I construct spatial experiences that serve as metaphors for the incorporeal states of the human experience: loss, possibility, change. Fascinated by how physical environments and architectural structures resonate with emotional states of being, I use my memory and perceptions of particular places and events to create allegorical space through installations and prints.

Inspired by watching party boats traverse the bay beyond my bedroom window in Portland, I made Echolocation, a portrait of a boat on a moonlit night. Its contrasting materials of bronze and printed tissue paper evoke disorienting sensations simultaneously of weightlessness and mass. The rich printed darkness of the paper functions metaphorically for the primordial abstraction of change that reveals itself as the bronze boat (serving as a symbol for the world itself) adapts to mysterious and changing conditions.

I use both two and three-dimensional strategies in my art practice to explore the nature of imagination. I often depict spaces that carry the imprint of latent activities: a fair ground for an annual festival, a drive-in movie screen in winter, or a ski lift in summer. My current series of etchings, Navigation Lights, focuses on depictions of lights at night. I intentionally use specific mark-making techniques and choice of paper to amplify the ephemerality of my subjects. Working in intaglio, I blow powdered copy toner onto copper plates. The fine black powder is heat-set and the plates etched. Until the images are etched into permanence, the toner is transient and mutable, and I am able to act and react to the images forming on the plate. This technique mimics the intention underlying my overall studio practice—to pin down the fleeting thus allowing for a slower and closer examination.

I work with paper because of its ephemeral nature and its easy expression of ordinariness. With each project I exploit new facets of paper’s rich identity. It’s commonness presents ways to both connect with and surprise a range of audiences. I hope to achieve a sleight of hand in my work that enchants the viewer, and it is my long involvement and mastery over materials that enables me to do so.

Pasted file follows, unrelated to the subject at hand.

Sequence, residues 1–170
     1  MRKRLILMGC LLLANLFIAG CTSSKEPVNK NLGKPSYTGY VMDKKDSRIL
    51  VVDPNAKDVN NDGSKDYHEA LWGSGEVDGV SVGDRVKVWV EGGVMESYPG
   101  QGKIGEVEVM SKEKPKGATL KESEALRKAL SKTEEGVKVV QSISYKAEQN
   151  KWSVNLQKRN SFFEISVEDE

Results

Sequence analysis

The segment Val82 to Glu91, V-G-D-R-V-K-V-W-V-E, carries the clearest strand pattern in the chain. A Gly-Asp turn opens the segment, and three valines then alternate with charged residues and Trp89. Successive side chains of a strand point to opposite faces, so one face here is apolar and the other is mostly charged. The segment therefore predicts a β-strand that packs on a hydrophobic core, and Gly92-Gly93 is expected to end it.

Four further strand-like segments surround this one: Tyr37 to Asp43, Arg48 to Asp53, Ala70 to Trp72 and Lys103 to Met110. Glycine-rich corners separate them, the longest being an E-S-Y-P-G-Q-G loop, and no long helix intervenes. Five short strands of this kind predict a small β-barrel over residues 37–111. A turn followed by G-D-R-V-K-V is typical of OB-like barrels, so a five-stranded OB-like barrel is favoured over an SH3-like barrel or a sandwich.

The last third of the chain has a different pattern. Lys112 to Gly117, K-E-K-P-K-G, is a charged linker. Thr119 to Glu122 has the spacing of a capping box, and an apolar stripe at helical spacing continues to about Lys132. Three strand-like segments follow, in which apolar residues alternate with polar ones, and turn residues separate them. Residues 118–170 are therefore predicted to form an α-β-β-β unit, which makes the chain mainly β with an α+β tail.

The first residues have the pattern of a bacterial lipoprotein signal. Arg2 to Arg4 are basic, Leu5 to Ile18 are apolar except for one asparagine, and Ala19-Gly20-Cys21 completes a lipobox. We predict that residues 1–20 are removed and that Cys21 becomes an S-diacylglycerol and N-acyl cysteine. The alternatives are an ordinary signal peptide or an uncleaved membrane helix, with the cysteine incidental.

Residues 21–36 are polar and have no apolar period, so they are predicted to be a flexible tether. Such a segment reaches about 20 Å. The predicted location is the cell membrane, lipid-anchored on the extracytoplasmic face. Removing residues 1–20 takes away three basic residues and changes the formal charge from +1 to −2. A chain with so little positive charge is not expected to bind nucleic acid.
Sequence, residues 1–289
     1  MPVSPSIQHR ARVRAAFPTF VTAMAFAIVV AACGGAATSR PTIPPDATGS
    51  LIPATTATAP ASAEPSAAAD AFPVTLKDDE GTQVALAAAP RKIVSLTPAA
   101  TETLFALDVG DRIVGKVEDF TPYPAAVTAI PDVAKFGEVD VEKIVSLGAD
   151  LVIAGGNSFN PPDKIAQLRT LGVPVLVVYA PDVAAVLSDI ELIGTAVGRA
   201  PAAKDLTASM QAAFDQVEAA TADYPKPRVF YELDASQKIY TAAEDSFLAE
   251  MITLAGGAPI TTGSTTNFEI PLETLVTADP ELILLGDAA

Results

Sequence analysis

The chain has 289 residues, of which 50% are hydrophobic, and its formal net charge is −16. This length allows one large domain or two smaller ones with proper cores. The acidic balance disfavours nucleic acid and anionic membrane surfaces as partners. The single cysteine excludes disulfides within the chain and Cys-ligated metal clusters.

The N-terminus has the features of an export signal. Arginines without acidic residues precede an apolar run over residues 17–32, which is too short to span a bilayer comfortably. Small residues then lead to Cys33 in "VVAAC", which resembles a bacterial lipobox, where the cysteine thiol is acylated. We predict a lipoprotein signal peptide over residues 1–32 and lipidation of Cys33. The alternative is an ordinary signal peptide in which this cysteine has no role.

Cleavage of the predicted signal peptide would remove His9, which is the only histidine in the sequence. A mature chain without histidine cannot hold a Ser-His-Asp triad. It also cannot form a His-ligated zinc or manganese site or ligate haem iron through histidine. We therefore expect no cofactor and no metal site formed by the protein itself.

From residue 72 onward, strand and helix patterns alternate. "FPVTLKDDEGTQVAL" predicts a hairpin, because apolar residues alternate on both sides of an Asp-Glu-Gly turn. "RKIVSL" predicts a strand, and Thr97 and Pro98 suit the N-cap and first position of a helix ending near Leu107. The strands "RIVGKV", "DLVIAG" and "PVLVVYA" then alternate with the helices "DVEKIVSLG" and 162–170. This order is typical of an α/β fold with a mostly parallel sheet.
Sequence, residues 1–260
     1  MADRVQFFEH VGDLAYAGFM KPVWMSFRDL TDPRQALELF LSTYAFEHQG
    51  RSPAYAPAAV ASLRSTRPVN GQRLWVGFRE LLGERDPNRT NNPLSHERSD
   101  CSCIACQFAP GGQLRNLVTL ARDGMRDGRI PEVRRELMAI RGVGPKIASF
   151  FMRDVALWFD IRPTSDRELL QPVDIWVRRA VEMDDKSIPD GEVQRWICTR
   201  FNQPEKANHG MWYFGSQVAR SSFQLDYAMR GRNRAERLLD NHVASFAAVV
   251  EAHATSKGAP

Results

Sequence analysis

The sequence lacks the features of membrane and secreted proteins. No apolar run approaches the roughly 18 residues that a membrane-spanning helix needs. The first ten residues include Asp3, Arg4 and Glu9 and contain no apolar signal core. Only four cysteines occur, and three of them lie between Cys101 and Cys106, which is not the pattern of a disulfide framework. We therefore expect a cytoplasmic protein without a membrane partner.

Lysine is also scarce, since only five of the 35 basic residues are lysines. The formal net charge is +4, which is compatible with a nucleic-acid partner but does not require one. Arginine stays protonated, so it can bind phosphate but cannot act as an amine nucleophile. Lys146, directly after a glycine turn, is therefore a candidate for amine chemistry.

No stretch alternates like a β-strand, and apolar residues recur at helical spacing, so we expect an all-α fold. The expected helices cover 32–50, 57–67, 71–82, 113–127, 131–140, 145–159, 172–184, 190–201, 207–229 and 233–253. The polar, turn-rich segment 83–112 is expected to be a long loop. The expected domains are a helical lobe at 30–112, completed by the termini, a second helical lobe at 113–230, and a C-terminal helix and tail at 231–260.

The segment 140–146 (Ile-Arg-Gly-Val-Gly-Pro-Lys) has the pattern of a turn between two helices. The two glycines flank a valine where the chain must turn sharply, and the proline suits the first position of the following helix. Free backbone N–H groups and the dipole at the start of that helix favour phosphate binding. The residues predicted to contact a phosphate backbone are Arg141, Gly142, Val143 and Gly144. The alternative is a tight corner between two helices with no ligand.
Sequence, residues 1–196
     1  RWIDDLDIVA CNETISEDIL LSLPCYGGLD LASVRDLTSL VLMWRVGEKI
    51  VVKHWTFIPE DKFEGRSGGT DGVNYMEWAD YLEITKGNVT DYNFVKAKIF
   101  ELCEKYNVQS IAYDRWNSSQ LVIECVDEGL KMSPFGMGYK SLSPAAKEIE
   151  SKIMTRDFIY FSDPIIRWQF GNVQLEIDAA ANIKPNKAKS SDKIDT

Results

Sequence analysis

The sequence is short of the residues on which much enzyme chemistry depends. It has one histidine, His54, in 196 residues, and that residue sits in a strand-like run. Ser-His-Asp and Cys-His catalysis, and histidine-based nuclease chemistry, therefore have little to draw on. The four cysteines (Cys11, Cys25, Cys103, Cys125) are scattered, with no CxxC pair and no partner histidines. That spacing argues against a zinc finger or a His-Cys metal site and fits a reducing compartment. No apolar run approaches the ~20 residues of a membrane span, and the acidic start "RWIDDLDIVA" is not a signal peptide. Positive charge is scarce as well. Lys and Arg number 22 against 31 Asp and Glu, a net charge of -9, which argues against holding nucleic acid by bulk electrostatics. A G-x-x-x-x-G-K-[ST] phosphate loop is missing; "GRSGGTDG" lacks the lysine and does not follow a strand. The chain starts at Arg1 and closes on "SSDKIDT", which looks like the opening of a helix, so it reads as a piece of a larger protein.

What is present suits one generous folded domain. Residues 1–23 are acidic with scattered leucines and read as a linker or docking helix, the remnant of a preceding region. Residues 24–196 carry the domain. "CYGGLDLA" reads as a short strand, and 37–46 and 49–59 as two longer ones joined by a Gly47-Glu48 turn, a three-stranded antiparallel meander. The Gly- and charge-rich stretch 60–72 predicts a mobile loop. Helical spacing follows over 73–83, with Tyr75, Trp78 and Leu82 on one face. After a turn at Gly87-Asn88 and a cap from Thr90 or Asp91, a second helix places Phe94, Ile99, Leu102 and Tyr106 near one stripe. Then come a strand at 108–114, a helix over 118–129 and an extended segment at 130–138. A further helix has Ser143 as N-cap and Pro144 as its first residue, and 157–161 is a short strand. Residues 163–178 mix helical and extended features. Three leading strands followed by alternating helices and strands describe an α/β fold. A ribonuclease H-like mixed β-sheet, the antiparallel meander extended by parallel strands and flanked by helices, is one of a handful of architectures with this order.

more about Carrie…

Carrie Scanga is a printmaker and installation artist. Her works on paper, artists books, and installations have been exhibited in over 50 solo and group exhibitions and received critical recognition in The New York Times, The Boston Globe, and the popular art blog, Printeresting.org. Her recent notable exhibition venues include: the Portland Museum of Art (Portland, ME), the Kingston Museum of Contemporary Art (Kingston, NY), PLUG Projects (Kansas City, MO), Islip Art Museum (East Islip, NY), St. Louis Craft Alliance (St. Louis, MO), Tiger Strikes Asteroid (Philadelphia, PA), El Conteiner (Quito, Ecuador), Janet Turner Print Museum (Chico, CA), and the Samuel Dorsky Museum of Art (New Paltz, NY).

She has been awarded two consecutive fellowships from the Fine Arts Work Center in Provincetown, a fellowship from the New York Foundation for the Arts, a fellowship from The MacDowell Colony, and residencies at the Blue Mountain Center, Fundación Valparaíso, Sculpture Space, Artspace, and the Salina Art Center. Grants from the Pollock Krasner Foundation and the Ludwig Vogelstein Foundation have supported the development of her work.